Evolution Of Industrial Relations

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Industrial relation have been a subject of major concern for quite some time, but traditionally, industrial relations is based on the assumptions that the workers and the managers are not classified as the same entity. Industrial relation has two historical meanings; one it describes the public policy and employment practices of the employers and unions and the other meaning refers to a specific academic new and certain theoretical principles. Thus this paper illustrates an approach to British industrial relation over a certain time and important changes or reforms undertaken in industrial relation by major government and unions. The paper emphasizes on how the system of industrial relations in United Kingdom (UK) is characterised and progressed…show more content…
International labour Organisation (ILO) defines “Industrial relations deal with either the relationship between the state and employers and workers organization or the relation between the occupational organizations themselves.
Industrial relation can be described as a system comprising of inputs, derived from goals, values and power of actors within the system and the outputs, comprising the financial, social and psychological rewards to employees. According to H.A Clegg, “the field of industrial relations includes the study of workers and their trade unions, management, employers associations, and the state institutions concerned with the regulation of employment”.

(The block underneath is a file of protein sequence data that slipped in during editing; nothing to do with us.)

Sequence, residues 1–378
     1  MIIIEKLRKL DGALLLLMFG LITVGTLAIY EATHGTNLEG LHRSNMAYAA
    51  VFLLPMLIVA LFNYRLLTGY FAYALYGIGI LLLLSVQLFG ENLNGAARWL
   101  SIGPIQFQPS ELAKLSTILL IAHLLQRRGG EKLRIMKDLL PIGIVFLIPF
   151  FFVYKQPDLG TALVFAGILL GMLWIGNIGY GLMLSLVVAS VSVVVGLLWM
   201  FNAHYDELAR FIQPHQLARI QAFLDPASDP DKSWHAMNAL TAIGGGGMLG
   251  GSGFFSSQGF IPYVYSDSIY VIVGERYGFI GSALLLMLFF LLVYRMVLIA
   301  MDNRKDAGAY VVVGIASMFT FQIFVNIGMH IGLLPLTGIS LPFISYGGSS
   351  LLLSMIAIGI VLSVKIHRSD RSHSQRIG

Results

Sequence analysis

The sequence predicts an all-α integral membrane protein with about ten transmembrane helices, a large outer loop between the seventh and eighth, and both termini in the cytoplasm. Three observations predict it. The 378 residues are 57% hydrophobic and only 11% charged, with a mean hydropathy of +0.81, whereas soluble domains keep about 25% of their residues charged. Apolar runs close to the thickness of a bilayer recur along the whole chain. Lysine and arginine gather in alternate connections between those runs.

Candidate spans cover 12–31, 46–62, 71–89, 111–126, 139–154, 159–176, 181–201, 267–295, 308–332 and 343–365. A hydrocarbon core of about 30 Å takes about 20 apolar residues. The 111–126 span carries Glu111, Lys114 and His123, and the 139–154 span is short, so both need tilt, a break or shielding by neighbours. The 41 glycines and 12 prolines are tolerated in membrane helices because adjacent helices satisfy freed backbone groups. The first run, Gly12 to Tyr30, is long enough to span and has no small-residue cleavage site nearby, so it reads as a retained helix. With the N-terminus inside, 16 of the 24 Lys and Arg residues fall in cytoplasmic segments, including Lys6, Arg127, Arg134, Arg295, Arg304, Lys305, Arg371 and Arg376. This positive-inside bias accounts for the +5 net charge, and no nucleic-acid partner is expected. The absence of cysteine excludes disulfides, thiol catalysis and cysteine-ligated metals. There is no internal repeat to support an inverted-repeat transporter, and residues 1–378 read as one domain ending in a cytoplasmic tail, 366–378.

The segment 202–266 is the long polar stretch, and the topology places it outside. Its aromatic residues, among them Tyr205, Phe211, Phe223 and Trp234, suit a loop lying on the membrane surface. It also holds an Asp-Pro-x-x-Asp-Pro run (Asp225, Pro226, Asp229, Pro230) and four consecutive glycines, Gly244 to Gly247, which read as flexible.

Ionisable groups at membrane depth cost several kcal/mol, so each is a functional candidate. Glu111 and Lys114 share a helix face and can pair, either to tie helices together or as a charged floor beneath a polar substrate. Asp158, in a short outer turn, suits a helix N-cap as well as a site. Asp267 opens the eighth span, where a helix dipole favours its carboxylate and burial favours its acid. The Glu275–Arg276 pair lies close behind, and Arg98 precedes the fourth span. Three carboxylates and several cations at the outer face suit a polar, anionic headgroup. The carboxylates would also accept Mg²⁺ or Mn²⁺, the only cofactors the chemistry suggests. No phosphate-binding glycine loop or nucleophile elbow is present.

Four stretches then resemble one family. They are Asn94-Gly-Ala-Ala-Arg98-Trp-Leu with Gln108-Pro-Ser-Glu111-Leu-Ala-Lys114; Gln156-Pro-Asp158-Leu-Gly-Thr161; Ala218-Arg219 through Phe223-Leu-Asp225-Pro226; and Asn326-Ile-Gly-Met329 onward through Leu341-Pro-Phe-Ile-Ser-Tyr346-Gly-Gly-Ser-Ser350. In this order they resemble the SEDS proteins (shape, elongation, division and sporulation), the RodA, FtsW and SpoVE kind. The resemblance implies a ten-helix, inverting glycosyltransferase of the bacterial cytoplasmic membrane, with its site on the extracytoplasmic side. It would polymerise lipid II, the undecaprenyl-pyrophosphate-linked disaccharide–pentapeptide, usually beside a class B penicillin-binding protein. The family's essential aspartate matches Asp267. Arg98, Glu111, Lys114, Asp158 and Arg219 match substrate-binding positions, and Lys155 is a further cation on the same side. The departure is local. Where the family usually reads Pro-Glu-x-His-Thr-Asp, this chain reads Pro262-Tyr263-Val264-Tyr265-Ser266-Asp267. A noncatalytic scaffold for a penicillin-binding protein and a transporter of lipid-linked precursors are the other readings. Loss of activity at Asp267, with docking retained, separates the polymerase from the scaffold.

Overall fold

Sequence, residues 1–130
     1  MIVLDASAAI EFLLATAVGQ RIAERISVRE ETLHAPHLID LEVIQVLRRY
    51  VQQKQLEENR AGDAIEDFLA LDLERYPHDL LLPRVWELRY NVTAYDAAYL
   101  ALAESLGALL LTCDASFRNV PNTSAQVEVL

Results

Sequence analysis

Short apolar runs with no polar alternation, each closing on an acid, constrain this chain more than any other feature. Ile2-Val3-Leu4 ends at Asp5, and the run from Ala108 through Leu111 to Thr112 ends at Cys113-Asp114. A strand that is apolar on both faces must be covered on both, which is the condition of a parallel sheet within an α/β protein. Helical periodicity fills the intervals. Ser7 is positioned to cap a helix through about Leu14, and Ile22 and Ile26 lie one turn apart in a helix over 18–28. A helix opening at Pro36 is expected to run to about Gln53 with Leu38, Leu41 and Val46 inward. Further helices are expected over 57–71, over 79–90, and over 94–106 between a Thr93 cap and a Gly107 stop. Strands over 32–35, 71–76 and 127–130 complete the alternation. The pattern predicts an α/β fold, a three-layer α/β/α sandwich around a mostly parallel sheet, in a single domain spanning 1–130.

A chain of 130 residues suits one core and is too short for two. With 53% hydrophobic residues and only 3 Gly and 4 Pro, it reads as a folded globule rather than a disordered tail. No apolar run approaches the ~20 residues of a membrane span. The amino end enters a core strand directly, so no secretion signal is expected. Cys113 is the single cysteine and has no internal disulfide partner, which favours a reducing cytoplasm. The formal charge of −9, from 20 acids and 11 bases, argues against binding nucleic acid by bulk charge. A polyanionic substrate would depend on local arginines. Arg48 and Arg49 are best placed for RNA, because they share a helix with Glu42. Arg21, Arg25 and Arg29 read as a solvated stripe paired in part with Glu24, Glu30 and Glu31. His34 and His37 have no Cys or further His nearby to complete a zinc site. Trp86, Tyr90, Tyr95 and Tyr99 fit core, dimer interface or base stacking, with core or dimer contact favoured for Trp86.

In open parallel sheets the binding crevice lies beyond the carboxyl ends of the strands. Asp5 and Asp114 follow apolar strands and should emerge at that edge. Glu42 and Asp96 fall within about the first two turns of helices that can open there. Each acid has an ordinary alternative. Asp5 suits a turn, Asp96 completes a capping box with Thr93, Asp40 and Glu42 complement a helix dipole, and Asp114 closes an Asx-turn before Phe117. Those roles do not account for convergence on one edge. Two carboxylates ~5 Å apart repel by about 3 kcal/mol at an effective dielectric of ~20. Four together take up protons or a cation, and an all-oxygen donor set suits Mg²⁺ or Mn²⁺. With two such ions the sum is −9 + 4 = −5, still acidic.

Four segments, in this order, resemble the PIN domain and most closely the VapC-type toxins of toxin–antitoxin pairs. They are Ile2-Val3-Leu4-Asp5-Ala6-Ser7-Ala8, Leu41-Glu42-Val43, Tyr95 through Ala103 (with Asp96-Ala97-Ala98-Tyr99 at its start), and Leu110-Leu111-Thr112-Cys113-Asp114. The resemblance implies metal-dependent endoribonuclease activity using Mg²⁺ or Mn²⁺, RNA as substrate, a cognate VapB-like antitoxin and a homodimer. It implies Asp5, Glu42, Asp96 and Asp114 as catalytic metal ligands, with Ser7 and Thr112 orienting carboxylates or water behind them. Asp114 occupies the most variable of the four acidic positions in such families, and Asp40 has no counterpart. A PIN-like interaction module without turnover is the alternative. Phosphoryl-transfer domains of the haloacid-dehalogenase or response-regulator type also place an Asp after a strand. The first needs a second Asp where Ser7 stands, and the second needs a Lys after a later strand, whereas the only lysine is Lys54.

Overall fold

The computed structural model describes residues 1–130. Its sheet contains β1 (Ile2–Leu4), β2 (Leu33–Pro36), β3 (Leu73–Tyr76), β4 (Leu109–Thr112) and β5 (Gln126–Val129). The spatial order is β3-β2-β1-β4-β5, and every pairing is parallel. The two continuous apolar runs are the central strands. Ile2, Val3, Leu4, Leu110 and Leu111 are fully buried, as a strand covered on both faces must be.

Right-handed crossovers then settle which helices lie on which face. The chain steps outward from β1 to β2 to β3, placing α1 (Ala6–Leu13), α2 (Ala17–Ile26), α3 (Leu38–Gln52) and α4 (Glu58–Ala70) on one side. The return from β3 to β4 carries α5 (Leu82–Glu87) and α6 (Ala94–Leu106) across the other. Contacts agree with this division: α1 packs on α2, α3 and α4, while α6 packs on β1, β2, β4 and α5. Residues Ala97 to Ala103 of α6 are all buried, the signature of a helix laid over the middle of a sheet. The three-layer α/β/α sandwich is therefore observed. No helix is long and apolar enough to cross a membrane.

Since 1979, the British labour market and its industrial relations environment have changed dramatically. Therefore this paper explores various changes and evolutions in British Industrial relations. Industrial relations mean the relations between employees and employers. It is related with the industrial problems that are complicated and delicate. Some of the main causes of rapid increase in industrial problems are:
• Rapid increase in population of the
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This union developed along two lines (craft and industrial), Crafts union were an extension of the old guild system based on craftsmen skilled in particular trade (eg-carpenters). While Industrial unions were formed among unskilled workers on the mines and in heavy industry. Through the growth of its large membership, trade unions gained the ability to influence the election of government. The 19th and 20th century was characterised by extensive economic growth. During 1970s, two of the most distinctive features of British industrial relations were called into question. One was the informal way in which much bargaining was conducted and the other, the tradition of voluntarism under which collective bargaining was largely dissociated from the law. The collective agreements reached by these negotiations usually set out wage scales, working hours, training, health and safety, overtime, grievance mechanism and rights to participate in workplace or company affairs. A considerable decentralisation of collective bargaining took place after the election of Margaret Thatcher in 1979. The UK joined the European Economic Community (EEC) in 1973 and at the time the move was generally favoured by employers on the grounds and resisted by the unions. The increasing eminence of neo-liberal policy objectives in European commission has led many unionists to reassess their view of the
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